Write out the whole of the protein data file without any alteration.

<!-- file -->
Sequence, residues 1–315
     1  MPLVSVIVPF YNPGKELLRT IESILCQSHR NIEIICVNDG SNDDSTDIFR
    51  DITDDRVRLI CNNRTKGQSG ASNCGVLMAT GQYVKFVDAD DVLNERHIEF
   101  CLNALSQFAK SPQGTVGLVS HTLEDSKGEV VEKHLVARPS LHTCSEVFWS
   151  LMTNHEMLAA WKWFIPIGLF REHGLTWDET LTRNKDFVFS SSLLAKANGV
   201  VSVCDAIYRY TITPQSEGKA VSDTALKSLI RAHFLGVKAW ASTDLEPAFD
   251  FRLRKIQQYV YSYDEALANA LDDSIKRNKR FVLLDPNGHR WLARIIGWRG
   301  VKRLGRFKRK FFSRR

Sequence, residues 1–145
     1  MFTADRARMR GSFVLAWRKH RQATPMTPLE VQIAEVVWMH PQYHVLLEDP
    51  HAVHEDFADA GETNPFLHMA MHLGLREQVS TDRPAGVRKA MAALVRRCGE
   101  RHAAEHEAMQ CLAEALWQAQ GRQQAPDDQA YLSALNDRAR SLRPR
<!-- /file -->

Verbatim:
Sequence, residues 1–315
     1  MPLVSVIVPF YNPGKELLRT IESILCQSHR NIEIICVNDG SNDDSTDIFR
    51  DITDDRVRLI CNNRTKGQSG ASNCGVLMAT GQYVKFVDAD DVLNERHIEF
   101  CLNALSQFAK SPQGTVGLVS HTLEDSKGEV VEKHLVARPS LHTCSEVFWS
   151  LMTNHEMLAA WKWFIPIGLF REHGLTWDET LTRNKDFVFS SSLLAKANGV
   201  VSVCDAIYRY TITPQSEGKA VSDTALKSLI RAHFLGVKAW ASTDLEPAFD
   251  FRLRKIQQYV YSYDEALANA LDDSIKRNKR FVLLDPNGHR WLARIIGWRG
   301  VKRLGRFKRK FFSRR

Sequence, residues 1–145
     1  MFTADRARMR GSFVLAWRKH RQATPMTPLE VQIAEVVWMH PQYHVLLEDP
    51  HAVHEDFADA GETNPFLHMA MHLGLREQVS TDRPAGVRKA MAALVRRCGE
   101  RHAAEHEAMQ CLAEALWQAQ GRQQAPDDQA YLSALNDRAR SLRPR